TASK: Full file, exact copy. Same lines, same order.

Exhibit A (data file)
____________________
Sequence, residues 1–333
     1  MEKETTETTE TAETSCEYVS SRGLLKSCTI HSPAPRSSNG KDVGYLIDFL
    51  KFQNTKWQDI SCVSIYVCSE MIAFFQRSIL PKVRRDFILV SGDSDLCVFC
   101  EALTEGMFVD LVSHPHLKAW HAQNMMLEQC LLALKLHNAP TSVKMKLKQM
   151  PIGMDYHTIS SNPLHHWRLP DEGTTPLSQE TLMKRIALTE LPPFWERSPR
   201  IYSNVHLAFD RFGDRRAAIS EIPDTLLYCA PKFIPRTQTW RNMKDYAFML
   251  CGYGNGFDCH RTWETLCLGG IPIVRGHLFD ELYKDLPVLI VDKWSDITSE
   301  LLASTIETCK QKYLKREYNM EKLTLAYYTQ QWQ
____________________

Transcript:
Sequence, residues 1–333
     1  MEKETTETTE TAETSCEYVS SRGLLKSCTI HSPAPRSSNG KDVGYLIDFL
    51  KFQNTKWQDI SCVSIYVCSE MIAFFQRSIL PKVRRDFILV SGDSDLCVFC
   101  EALTEGMFVD LVSHPHLKAW HAQNMMLEQC LLALKLHNAP TSVKMKLKQM
   151  PIGMDYHTIS SNPLHHWRLP DEGTTPLSQE TLMKRIALTE LPPFWERSPR
   201  IYSNVHLAFD RFGDRRAAIS EIPDTLLYCA PKFIPRTQTW RNMKDYAFML
   251  CGYGNGFDCH RTWETLCLGG IPIVRGHLFD ELYKDLPVLI VDKWSDITSE
   301  LLASTIETCK QKYLKREYNM EKLTLAYYTQ QWQ